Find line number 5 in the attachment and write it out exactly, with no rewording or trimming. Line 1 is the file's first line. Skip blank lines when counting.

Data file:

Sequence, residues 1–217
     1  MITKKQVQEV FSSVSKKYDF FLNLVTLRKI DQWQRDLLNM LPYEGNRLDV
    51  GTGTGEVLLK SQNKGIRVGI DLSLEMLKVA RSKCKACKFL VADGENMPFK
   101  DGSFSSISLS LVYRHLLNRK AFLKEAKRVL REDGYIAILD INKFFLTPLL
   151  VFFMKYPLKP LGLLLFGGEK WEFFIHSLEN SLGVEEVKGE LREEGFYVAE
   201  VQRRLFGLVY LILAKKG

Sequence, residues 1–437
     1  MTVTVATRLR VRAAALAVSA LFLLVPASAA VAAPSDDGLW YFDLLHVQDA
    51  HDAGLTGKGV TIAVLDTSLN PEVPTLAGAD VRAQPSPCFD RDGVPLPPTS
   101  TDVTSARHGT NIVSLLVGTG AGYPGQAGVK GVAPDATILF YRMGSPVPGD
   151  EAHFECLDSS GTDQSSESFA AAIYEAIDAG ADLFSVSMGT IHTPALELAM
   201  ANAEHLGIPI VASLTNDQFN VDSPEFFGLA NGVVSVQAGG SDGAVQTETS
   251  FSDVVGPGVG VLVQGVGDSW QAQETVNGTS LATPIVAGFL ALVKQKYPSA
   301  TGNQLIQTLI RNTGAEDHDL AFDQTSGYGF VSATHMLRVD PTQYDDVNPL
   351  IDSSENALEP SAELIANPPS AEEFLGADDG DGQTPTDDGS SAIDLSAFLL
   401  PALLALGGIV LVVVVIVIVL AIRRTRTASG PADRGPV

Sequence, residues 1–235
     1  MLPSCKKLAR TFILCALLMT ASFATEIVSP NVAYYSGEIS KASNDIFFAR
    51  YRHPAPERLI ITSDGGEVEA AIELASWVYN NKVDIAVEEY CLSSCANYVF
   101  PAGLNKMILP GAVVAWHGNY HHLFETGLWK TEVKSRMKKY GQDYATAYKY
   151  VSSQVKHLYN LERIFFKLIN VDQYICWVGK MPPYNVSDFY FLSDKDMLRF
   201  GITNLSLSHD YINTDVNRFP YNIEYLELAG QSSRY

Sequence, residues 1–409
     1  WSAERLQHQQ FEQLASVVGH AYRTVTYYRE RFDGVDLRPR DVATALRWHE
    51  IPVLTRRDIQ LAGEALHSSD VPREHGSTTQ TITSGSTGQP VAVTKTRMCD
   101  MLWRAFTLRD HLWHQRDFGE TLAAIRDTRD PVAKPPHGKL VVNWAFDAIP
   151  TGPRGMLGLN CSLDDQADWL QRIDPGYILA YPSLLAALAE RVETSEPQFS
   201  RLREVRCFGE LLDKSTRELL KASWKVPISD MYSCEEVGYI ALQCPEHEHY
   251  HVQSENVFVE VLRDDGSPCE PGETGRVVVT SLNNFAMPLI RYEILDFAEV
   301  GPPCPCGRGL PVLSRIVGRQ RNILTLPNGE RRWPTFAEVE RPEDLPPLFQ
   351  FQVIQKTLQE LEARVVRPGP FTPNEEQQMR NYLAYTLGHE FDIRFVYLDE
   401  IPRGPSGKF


   151  VFFMKYPLKP LGLLLFGGEK WEFFIHSLEN SLGVEEVKGE LREEGFYVAE